4 Chicago Officers Fired Over ‘Cover Up’ Following Fatal Shooting of Laquan McDonald

A moment before fatal police shooting of Laquan McDonald in October 2014 is shown in a still from video released by police on Nov. 24, 2015.

Four Chicago police officers have been fired for covering up the 2014 fatal shooting of Laquan McDonald, a black teenager, the Chicago Police Board said Thursday.

The board said it ordered Sgt. Stephen Franko, Officer Janet Mondragon, Officer Daphne Sebastian and Officer Ricardo Viramontes to be “discharged from the Chicago Police Department.”

In its ruling, the board concluded the officers violated their “duty by describing the alleged threat posed by Mr. McDonald in an exaggerated way, while omitting relevant facts that support the opposite conclusion. The overall impression based on this selective telling is both misleading and false.”

“Indeed, taken on their face, the officers’ accounts depict a scene in which Mr. McDonald was the aggressor and Officer Van Dyke the victim—a depiction squarely contradicted by reality. Put simply, the officers wanted to help their fellow officer (Jason Van Dyke) and so described the incident in a way to put him in the best possible light,” the board wrote.

The board is an independent civilian body that decides police disciplinary cases. A spokesman for the police union, did immediately return a telephone call and an email from CNN seeking comment.

Police initially said McDonald lunged toward officers with a knife, prompting Van Dyke to open fire six seconds after getting out of his squad car. He shot McDonald 16 times in October 2014.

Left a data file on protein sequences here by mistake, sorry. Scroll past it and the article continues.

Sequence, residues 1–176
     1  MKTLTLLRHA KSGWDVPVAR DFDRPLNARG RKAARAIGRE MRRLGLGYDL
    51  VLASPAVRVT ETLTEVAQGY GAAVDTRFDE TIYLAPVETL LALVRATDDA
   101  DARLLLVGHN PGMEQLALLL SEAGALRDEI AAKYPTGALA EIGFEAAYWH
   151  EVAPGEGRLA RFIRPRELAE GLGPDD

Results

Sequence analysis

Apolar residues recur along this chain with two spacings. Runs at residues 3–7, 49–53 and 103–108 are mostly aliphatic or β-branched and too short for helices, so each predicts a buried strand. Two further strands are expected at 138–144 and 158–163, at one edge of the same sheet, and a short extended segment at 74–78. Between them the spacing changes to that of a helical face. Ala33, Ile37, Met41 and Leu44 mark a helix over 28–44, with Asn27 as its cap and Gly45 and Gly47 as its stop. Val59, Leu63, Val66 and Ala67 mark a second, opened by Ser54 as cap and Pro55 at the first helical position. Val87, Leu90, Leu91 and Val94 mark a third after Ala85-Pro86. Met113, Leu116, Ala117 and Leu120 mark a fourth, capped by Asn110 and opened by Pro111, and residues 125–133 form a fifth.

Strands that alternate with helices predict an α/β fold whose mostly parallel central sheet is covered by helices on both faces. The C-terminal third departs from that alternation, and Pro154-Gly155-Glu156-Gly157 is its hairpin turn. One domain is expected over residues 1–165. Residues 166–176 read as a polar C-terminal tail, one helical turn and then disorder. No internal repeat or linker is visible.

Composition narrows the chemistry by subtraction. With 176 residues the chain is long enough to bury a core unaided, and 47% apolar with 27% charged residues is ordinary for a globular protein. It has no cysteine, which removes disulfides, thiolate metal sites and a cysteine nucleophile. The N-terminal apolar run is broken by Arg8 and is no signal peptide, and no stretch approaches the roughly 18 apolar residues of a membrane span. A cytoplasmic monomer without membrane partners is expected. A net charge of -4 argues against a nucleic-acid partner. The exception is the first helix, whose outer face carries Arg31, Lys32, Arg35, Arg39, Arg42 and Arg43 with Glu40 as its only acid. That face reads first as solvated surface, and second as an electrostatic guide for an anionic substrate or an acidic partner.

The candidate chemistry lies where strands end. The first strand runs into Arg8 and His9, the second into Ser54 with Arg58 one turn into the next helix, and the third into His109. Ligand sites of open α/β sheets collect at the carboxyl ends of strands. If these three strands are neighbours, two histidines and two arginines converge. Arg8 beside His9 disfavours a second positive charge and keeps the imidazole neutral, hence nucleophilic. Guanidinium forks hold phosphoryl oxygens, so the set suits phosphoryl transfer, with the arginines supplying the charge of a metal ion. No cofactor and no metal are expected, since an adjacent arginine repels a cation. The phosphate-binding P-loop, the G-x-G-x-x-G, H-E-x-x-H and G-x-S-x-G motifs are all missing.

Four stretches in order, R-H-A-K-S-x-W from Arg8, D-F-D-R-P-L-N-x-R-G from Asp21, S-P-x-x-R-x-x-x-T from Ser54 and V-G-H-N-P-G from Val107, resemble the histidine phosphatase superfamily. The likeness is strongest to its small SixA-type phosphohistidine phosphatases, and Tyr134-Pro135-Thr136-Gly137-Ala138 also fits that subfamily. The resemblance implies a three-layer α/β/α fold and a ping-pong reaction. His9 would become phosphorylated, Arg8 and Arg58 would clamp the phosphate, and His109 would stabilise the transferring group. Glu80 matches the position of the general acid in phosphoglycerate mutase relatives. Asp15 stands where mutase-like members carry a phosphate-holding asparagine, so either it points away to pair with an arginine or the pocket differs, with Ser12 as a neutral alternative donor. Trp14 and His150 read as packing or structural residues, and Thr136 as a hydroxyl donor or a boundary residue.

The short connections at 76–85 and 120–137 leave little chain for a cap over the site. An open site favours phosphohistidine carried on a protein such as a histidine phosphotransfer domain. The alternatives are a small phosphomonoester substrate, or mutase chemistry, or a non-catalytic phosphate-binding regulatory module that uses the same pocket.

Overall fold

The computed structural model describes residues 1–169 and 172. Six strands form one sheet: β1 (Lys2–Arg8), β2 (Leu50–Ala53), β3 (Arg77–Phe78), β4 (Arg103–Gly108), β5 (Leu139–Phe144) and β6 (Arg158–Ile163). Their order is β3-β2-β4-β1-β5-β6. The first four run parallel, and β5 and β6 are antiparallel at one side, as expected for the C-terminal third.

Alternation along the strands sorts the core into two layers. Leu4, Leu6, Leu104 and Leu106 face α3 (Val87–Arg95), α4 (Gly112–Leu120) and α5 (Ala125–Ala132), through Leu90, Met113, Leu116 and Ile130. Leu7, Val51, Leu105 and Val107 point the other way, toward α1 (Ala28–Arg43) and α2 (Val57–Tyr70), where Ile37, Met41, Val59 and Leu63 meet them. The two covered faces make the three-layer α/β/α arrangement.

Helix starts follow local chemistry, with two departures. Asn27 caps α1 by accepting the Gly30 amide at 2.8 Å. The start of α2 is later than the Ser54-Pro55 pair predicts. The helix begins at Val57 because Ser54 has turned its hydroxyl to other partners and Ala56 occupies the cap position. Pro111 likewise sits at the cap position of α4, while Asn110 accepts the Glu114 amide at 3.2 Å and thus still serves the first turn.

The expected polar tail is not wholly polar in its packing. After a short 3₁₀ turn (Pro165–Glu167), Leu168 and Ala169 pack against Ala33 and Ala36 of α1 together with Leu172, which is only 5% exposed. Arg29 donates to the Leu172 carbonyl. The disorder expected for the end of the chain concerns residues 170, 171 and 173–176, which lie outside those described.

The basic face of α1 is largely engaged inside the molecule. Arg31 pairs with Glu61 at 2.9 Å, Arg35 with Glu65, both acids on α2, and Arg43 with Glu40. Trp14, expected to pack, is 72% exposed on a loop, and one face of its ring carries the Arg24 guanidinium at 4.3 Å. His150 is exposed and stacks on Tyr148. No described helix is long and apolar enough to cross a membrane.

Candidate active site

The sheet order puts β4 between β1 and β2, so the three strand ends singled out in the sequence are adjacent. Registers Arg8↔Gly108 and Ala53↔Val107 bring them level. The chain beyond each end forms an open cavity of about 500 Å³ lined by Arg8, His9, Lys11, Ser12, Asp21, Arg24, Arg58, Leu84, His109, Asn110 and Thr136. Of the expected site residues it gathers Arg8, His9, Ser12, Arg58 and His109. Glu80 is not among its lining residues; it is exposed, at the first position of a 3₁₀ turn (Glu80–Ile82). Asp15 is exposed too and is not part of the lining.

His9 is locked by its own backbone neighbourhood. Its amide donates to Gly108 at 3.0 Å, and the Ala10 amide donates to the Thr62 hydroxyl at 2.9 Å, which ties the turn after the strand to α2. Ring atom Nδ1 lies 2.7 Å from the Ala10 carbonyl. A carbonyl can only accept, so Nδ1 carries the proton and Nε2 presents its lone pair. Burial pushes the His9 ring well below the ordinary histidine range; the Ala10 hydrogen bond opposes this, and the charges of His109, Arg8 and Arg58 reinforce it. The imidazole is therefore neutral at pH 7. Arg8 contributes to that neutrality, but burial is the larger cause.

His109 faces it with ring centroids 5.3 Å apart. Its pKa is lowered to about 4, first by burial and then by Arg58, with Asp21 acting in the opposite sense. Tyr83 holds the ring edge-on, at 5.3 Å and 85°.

Thirteen months later, a judge ordered the release of the grainy dashboard police camera footage of the shooting, and the fallout was immediate. The footage showed McDonald walking away from officers, rather than charging at them.

Video of the shooting sparked protests, a Justice Department civil rights investigation, criticism of the city’s mayor, and eventually, the ouster of the police superintendent. It also reignited the fervent nationwide conversation about police shootings.

The case had come to represent a referendum on Chicago police officers’ so-called “code of silence,” and their alleged willingness to protect each other.

Last year, Van Dyke was convicted of second-degree murder and 16 counts of aggravated battery. Van Dyke was sentenced in January to 81 months in prison.

In a separate case, a judge found three other Chicago police officers not guilty of covering up details of McDonald’s killing. Former Detective David March, former Officer Joseph Walsh and Officer Thomas Gaffney had been accused of falsifying police reports to protect Van Dyke.

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